Egypt's population has grown by one million since last August, and officials are warning this could have a serious impact on the country's social, economic and educational institutions.
The population currently stands at 86 million, according to the Central Agency for Public Mobilisation and Statistics.
"The agency issued the announcement through the population clock on Salah Salem Street in Cairo," said Misbah Khaireddine of the agency's chamber of studies. "The clock is linked electronically and updated with the latest data and statistics from the census."
In 2013, the population grew by 2.5%, he said.
"We estimated a population growth of 875,000 last year, but the actual figure significantly exceeded our expectations," he said.
This increase matches other reports that warn Egypt's population growth is a social time bomb, Khaireddine said.
On February 16th, Britain's Guardian newspaper reported that Egypt's population is likely to reach more than 137 million by 2050, while a study by the German Chamber of Commerce estimated the country's population will reach 120 million in 20 years.
"The increase in population has become a reality and we must work now across two axes," said Rami Abdulmuttalib, who lectures at Cairo University's Faculty of Social Sciences. "First, we must continue to limit the growth rate, and second, we must find solutions to the problems it causes."
These could include urban expansion to other regions of Egypt to reduce overcrowding in cities through the establishment of a system of cities, villages and new urban developments, he said.
Awareness-raising campaigns that address the social and economic risks associated with population growth could help reduce the birth rate, he said.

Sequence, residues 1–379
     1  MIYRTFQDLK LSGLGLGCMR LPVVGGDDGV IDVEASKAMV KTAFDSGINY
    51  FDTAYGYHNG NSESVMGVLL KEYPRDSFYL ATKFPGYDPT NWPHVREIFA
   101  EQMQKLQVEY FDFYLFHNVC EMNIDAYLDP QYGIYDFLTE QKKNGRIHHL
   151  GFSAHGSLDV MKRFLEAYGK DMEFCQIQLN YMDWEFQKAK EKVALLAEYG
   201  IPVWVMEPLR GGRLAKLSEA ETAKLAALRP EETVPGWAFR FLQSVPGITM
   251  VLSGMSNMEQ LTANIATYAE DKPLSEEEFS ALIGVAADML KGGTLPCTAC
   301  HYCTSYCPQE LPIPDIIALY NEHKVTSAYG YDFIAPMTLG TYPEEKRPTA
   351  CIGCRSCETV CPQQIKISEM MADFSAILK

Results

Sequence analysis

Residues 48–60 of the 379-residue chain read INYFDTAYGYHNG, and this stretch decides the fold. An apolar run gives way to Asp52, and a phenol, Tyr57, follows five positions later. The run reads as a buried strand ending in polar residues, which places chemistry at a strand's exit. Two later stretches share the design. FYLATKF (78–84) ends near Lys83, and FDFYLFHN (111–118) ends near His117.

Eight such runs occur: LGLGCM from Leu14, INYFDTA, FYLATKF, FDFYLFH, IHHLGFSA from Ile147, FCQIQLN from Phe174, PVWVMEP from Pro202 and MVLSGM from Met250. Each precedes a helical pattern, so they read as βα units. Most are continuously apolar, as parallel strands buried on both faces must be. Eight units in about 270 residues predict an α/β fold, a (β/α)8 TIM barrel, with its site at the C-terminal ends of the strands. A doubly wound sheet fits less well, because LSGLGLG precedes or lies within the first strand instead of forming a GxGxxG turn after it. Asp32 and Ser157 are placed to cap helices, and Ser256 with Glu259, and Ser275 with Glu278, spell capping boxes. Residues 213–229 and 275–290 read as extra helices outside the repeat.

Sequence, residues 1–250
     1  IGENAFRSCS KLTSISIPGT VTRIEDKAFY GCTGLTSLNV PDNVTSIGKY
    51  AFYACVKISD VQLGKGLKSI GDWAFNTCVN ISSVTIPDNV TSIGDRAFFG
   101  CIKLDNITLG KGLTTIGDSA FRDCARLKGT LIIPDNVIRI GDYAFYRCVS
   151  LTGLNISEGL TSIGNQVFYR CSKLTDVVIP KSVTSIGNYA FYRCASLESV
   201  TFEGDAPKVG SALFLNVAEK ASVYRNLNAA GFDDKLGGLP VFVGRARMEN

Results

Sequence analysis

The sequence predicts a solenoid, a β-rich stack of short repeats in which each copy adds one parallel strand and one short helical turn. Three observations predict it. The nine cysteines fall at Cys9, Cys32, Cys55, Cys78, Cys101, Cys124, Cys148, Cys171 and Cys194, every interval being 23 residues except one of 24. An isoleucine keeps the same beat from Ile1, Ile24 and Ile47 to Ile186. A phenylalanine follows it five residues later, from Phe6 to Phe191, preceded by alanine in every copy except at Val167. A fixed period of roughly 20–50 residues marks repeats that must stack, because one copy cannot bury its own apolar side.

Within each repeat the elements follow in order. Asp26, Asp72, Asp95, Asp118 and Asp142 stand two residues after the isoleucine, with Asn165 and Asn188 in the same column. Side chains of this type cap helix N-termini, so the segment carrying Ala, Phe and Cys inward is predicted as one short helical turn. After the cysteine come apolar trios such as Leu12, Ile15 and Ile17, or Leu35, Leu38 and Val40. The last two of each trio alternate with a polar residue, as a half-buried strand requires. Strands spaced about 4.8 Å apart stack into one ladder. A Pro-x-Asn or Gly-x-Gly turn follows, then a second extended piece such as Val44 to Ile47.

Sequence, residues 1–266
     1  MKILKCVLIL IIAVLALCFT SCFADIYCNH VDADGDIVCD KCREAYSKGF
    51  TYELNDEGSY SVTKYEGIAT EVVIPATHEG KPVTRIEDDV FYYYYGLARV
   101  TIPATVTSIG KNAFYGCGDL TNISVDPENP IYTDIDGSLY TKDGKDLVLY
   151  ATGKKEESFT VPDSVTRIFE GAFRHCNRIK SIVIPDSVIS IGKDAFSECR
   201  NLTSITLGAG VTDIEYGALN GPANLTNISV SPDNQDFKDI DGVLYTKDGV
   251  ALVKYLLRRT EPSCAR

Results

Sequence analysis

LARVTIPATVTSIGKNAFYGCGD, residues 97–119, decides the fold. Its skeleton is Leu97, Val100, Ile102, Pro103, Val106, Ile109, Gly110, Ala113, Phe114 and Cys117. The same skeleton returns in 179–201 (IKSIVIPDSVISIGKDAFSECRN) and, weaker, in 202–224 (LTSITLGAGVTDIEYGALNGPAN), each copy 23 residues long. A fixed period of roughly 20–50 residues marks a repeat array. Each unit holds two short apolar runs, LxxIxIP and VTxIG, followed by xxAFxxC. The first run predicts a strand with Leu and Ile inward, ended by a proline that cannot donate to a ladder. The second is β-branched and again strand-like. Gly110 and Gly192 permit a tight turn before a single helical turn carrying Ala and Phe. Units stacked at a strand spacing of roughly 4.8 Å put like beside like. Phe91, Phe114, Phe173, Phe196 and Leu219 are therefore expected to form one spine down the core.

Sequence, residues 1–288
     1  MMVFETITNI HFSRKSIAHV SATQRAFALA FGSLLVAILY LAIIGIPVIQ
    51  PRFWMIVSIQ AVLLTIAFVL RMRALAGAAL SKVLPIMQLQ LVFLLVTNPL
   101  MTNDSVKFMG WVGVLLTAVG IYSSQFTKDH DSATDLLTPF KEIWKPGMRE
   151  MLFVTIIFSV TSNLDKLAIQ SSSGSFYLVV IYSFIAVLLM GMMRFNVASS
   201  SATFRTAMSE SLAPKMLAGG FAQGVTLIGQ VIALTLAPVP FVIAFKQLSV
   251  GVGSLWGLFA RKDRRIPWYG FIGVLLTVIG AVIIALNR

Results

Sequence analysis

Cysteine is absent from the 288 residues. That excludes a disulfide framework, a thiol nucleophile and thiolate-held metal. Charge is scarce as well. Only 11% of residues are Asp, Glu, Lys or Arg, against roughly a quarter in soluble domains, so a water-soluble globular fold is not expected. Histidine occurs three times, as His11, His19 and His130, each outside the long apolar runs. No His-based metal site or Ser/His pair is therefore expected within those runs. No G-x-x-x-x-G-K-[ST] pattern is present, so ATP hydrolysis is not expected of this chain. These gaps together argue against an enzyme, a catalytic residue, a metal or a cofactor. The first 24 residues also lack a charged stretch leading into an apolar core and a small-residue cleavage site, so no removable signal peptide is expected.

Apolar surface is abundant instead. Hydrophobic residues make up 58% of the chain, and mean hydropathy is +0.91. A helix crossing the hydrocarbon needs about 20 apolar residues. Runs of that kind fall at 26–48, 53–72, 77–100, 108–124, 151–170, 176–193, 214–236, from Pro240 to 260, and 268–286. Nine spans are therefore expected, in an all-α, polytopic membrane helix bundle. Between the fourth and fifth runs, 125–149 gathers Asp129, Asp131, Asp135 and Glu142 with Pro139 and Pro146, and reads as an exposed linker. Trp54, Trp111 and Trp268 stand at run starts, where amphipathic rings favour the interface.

"In rural areas, especially agricultural ones, a high birth rate is caused by a desire to increase agricultural production by involving the entire family on the land," Abdulmuttalib said.
But a large population increase in Egypt would deplete government resources and impact the country's educational levels, he said.
Several government entities are working together to address the population growth, said Amjad Yasin of the Egyptian Ministry of Housing's Department of Urban Planning.
These include the Ministry of Housing and the General Authority for Urban Planning, which are planning to address population growth by exploiting Egypt's vast untapped desert areas, he said.
These plans focus on the Nile Delta and the Nile valley desert areas and aim to accommodate at least five million people by 2017, Yasin said.
They include the construction of 400 residential compounds in new towns, with each town accommodating more than 10,000 people, he added.
"The new plans take into account attention to agricultural spaces and their development and preservation, especially since these areas are suitable for farming, industrial, commercial and tourist purposes, which would not only contribute to resettling the population, but also would create job opportunities for the unemployed and the youth, in addition to reducing migration to cities and the growth of slums," he said.
According to official figures, Egypt's population lives on 7.7% of its total land area and is concentrated in major cities.
Cairo has the highest population density, 47,285 people per square kilometre, while South Sinai has the lowest with 9.7 people per square kilometre.